It may be a “long-shot” but does doubling the cassette tape’s running speed from 1 7/8 inches per second to 3 ¾ inches per second really improve its sound quality?
By: Ringo Bones
When it was introduced primarily as an office dictation recording medium back in 1963 by Philips, the compact cassette tape’s rather low 1 7/8 inches per second tape speed was the main engineering challenge of coaxing something approaching high fidelity sound from such an unlikely tape medium. Not to mention the narrow tape width of just 3.8 mm which contrasted with the higher fidelity sounding domestic music recording and playback mediums of the period – i.e. the quarter track open reel tape and the 8-Track tape cartridge’s 6.3 mm tape width. But can increasing the compact cassette tape’s speed from 1 7/8 i.p.s. to 3 ¾ i.p.s. really improve its sound quality?
Back in the early 1980s, a consumer electronics company by the name of Teac made such the prospect of experimenting to improve the sound quality of the compact cassette tape medium by doubling its running speed much easier for domestic hi-fi enthusiasts by introducing the C-3X cassette tape deck that has the option – via a simple flick of the switch – to be run at 3 ¾ inches per second. But in order for the better sounding DIY recording – on cassette – to be playable other than the lone Teac C-3X cassette tape deck that you probably own (or more likely just afford to own) in your hi-fi rig, your other cassette tape playing equipment that you own or have access to – i.e. your boom box portable, Walkman, car stereo’s cassette tape deck, etc. should also be capable of running at 3 ¾ inches per second, which posed a problem for compatibility to anyone jumping into the “cassette running at 3 ¾ i.p.s. bandwagon” back then.
As I was fortunate enough to “toy” with the Teac C-3X cassette tape deck in our hi-fi repair shop given that it was very widely available in second hand hi-fi shops across Vietnam during the mid 1990s, running cassette tapes at double its normal speed - the results can be quite spectacular. Using good quality cassette tapes like TDK SA, Sony Metal XR and related tapes – the results can be outstanding and hiss free even without switching in / using any form of Dolby noise reduction. When you can tape at recording levels right up to +10 dB (and even a bit more on the cassette tapes I’ve just short listed since those never saturated on the Teac C-3X cassette tape deck) hiss is no longer an issue. By the way, the best loved rock and pop recordings known for their pristine sound quality from the late 1960s up to the 1970s were recorded and mastered without any form of Dolby noise reduction whatsoever – though its on 2-inch thick open reel tapes being run at 30 inches per second.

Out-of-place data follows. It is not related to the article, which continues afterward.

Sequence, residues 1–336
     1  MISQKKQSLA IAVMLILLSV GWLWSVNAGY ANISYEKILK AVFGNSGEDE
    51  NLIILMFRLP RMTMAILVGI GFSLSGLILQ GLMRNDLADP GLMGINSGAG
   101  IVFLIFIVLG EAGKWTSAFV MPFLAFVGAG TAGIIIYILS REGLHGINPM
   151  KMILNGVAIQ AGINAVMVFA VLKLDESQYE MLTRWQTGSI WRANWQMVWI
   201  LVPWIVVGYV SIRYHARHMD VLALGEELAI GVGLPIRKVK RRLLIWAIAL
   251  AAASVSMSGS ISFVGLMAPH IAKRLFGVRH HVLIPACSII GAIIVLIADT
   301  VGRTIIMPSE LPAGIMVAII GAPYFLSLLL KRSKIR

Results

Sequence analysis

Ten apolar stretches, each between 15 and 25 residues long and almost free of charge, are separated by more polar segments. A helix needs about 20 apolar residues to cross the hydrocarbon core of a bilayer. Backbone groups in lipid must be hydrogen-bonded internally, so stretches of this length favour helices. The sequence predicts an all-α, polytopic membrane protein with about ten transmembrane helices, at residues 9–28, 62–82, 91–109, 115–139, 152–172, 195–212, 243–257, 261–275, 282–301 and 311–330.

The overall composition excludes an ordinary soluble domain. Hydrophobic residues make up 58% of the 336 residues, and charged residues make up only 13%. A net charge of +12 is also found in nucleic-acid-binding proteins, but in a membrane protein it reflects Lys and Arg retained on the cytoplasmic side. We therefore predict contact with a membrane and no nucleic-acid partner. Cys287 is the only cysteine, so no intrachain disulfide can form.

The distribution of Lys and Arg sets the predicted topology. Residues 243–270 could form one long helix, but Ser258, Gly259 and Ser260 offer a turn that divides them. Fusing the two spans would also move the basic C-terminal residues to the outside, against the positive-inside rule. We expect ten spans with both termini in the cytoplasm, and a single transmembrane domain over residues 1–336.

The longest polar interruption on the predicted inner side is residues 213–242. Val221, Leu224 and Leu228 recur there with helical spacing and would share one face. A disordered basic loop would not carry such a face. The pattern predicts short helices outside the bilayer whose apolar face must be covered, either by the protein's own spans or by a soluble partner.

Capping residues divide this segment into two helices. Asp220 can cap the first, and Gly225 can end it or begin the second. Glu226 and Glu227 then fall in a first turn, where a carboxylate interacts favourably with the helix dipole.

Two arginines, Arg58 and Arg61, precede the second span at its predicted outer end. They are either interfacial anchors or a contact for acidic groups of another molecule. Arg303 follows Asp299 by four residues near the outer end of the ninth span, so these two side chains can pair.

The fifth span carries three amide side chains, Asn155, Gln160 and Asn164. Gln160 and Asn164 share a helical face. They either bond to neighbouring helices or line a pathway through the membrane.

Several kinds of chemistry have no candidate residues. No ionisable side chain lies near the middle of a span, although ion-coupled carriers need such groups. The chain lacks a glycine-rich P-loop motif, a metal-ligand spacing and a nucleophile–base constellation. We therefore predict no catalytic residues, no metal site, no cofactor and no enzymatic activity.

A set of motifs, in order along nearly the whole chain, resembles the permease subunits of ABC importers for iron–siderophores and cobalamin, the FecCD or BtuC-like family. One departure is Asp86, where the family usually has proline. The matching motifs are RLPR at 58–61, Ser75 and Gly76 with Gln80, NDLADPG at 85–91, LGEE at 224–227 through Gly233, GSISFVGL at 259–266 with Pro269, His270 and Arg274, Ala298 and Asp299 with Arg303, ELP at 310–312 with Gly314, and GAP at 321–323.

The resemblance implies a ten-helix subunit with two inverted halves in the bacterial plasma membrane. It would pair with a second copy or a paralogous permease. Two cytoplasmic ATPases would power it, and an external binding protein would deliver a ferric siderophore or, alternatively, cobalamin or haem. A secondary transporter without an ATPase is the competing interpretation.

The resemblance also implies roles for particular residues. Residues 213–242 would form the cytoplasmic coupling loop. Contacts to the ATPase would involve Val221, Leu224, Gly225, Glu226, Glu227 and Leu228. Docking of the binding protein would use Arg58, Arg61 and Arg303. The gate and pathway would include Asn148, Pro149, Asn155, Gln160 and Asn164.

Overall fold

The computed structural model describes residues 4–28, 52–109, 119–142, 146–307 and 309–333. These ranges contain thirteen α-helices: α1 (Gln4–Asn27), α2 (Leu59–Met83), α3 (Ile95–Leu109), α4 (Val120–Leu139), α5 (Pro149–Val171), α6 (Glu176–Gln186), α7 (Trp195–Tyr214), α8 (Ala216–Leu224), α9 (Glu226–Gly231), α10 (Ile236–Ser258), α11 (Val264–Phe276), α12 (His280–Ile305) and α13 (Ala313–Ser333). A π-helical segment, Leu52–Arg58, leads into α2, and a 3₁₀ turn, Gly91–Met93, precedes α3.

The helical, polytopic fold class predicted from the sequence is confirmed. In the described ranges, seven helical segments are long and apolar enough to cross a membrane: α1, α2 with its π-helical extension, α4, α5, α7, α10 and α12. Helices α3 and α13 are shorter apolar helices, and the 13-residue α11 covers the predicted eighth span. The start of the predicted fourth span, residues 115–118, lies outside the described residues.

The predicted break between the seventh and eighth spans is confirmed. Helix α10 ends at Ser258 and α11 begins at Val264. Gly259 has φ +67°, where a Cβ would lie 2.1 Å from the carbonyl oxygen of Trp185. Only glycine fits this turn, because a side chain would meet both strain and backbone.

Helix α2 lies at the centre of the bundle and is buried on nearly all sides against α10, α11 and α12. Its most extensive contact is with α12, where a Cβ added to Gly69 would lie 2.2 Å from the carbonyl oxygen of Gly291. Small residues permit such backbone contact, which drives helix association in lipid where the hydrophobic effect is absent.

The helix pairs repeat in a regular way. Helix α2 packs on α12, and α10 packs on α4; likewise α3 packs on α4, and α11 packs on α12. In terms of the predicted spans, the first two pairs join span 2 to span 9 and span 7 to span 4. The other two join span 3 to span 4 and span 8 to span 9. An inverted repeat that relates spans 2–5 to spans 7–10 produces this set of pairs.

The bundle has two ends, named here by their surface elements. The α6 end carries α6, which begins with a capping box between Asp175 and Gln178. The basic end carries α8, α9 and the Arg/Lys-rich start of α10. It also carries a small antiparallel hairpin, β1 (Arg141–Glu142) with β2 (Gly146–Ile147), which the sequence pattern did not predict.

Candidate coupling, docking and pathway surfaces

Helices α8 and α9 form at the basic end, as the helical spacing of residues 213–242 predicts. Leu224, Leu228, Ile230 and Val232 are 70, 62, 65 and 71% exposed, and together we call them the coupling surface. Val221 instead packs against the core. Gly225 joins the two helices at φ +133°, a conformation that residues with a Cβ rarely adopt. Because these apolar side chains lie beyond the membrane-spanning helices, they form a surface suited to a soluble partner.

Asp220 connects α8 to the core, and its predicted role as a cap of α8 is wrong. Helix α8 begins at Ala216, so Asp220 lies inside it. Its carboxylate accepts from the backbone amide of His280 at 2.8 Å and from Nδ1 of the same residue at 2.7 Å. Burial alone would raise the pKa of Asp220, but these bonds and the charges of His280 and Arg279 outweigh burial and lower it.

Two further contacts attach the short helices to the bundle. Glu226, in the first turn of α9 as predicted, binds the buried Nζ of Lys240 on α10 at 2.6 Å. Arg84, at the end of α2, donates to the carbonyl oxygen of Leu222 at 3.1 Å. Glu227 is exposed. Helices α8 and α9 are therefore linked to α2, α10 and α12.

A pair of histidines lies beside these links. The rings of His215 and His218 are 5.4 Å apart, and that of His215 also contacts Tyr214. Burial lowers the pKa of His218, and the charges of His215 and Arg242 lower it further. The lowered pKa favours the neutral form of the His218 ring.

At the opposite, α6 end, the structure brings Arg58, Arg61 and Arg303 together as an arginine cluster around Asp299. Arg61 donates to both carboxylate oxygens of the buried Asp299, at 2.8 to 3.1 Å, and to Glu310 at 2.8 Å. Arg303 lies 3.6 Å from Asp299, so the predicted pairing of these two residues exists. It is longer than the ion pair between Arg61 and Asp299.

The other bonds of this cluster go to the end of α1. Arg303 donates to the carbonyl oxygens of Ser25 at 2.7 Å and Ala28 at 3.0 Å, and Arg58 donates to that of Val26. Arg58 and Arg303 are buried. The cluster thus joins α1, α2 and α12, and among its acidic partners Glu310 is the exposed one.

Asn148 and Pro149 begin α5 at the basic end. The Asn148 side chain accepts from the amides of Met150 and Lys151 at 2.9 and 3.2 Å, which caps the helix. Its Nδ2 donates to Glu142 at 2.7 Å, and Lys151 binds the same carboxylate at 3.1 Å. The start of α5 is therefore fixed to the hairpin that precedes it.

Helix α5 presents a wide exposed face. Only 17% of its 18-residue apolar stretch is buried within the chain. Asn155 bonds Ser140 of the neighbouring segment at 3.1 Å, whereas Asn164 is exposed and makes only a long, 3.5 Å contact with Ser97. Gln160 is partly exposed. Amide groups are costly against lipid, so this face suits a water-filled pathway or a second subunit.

Although the midrange purity on the 3 ¾ i.p.s. cassette tape recordings – both LP test dubs for my own use and live recordings of local Classical and rock musicians via a 12AX7 vacuum tube equipped microphone preamp into the Teac C-3X tape deck – is about half a notch below what’s possible with a well maintained Elcaset deck or a hi-fi 8-Track record playback deck like the Pioneer RH-65 or a quarter track open reel tape running at 3 ¾ i.p.s. Though a metal particle cassette tape running at 3 ¾ i.p.s. on the Teac C-3X is miles ahead in sound quality when compared to a current i-Pod – even when that said i-Pod is playing hi-rez digital music downloads!
Sadly, despite their stellar sound quality – dual-speed cassette tape decks where a short-term innovation of the early 1980s. They contravened Philips standard which stipulates one speed for the compact cassette – i.e. 1 7/8 inches per second – for guaranteed compatibility, so were discouraged and hence since discontinued. Teac finished their line of dual-speed cassette tape decks similar to the C-3X cassette tape deck back in 1984. Were Teac the only ones making dual-speed cassette tape decks back then?